If we cannot protect our intellectual property, other companies could use our technology in
competitive products. If we infringe the intellectual property rights of others, other companies could prevent us from developing or marketing our products.
We seek patent protection for our technology so as to prevent others from commercializing equivalent products in substantially less time and at substantially lower expense. The pharmaceutical industry
places considerable importance on obtaining patent and trade secret protection for new technologies, products and processes. Our success will depend in part on our ability and that of parties from whom we license technology to:
defend our patents and otherwise prevent others from infringing on our proprietary rights;
protect our trade secrets; and
operate without infringing upon the proprietary rights of others, both in the U.S. and in other countries.
The patent position of firms relying upon biotechnology is highly uncertain and involves complex legal and factual questions for which important legal
principles are unresolved. To date, the U.S. Patent and Trademark Office, or USPTO, has not adopted a consistent policy regarding the breadth of claims that the USPTO allows in biotechnology patents or the degree of protection that these types of
patents afford. As a result, there are risks that we may not develop or obtain rights to products or processes that are or may seem to be patentable.
Section 505(b)(2) of the FFDCA was enacted as part of the Drug Price Competition and Patent Term Restoration Act of 1984, otherwise known as the Hatch-Waxman Act. Section 505(b)(2) permits the
submission of a NDA where at least some of the information required for approval comes from studies not conducted by or for the applicant and for which the applicant has not obtained a right of reference. For example, the Hatch-Waxman Act permits an
applicant to rely upon the FDAs findings of safety and effectiveness for an approved product. The FDA may also require companies to perform one or more additional studies or measurements to support the change from the approved product. The FDA
may then approve the new formulation for all or some of the label indications for which the referenced product has been approved, or a new indication sought by the Section 505(b)(2) applicant.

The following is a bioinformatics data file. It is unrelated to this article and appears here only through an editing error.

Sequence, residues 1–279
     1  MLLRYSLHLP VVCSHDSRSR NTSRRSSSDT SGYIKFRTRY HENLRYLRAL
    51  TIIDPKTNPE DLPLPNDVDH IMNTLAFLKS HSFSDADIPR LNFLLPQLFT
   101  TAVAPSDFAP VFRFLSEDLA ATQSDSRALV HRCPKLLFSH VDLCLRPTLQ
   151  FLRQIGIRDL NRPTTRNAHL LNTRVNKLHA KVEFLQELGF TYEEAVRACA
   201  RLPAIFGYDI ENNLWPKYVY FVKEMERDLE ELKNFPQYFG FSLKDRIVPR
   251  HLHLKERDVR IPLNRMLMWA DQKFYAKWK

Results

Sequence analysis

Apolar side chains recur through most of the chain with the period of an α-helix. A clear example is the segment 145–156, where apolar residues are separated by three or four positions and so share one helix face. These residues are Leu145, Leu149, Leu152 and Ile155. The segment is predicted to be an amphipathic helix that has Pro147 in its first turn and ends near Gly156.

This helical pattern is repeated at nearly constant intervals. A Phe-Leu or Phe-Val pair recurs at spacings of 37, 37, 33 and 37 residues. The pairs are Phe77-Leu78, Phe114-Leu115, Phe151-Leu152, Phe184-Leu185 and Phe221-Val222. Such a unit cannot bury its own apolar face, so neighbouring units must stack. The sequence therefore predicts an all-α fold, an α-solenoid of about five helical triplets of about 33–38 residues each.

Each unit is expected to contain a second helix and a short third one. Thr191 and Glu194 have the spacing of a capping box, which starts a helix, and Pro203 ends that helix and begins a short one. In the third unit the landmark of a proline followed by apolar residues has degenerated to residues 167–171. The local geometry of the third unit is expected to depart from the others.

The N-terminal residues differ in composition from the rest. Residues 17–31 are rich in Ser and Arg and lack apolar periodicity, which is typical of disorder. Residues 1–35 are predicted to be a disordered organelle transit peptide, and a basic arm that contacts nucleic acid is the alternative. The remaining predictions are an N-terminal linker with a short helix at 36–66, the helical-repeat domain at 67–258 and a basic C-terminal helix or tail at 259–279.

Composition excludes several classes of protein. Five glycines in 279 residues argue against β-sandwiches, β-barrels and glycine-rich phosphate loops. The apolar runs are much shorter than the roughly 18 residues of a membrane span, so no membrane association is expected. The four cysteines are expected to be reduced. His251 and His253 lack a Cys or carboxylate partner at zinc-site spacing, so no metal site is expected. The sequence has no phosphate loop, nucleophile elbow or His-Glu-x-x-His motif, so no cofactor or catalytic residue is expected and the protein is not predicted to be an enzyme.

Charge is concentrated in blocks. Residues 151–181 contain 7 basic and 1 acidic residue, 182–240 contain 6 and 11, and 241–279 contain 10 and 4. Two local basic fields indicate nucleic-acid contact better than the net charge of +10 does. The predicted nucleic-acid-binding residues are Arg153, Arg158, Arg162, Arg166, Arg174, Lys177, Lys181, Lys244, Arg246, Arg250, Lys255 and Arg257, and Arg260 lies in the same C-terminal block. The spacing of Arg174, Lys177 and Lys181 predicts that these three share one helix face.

To the extent that the Section 505(b)(2) applicant is relying on the FDAs findings for an already-approved product, the applicant is required
to certify to the FDA concerning any patents listed for the approved product in the FDAs Orange Book publication. Specifically, the applicant must certify that: (1) the required patent information has not been filed (paragraph I
certification); (2) the listed patent has expired (paragraph II certification); (3) the listed patent has not expired, but will expire on a particular date and approval is sought after patent expiration (paragraph III certification); or
(4) the listed patent is invalid or will not be infringed by the manufacture, use or sale of the new product (paragraph IV certification). If the applicant does not challenge the listed patents, the Section 505(b)(2) application will not
be approved until all the listed patents claiming the referenced product have expired, and once any pediatric exclusivity expires. The Section 505(b)(2) application may also not be approved until any non-patent exclusivity, such as exclusivity
for obtaining approval of a new chemical entity, listed in the Orange Book for the referenced product has expired.
If the applicant has
provided a paragraph IV certification to the FDA, the applicant must also send notice of the paragraph IV certification to the NDA holder and patent owner once the NDA has been accepted for filing by the FDA. The NDA holder and patent owner may then
initiate a legal challenge to the paragraph IV certification. The filing of a patent infringement lawsuit within 45 days of their receipt of a paragraph IV certification automatically prevents the FDA from approving the Section 505(b)(2) NDA
until the earliest of 30 months, expiration of the patent, settlement of the lawsuit or a decision in an infringement case that is favorable to the Section 505(b)(2) applicant. Thus, a Section 505(b)(2) applicant may invest a significant
amount of time and expense in the development of its products only to be subject to significant delay and patent litigation before its products may be commercialized. Alternatively, if the NDA holder or patent owner does not file a patent
infringement lawsuit within the required 45-day period, the applicants NDA will not be subject to the 30-month stay.
the approval of many products by the FDA pursuant to Section 505(b)(2), over the last few years, certain brand-name pharmaceutical companies and others have objected to the FDAs interpretation of Section 505(b)(2). If the FDA changes
its interpretation of Section 505(b)(2), this could delay or even prevent the FDA from approving any Section 505(b)(2) NDA that we submit.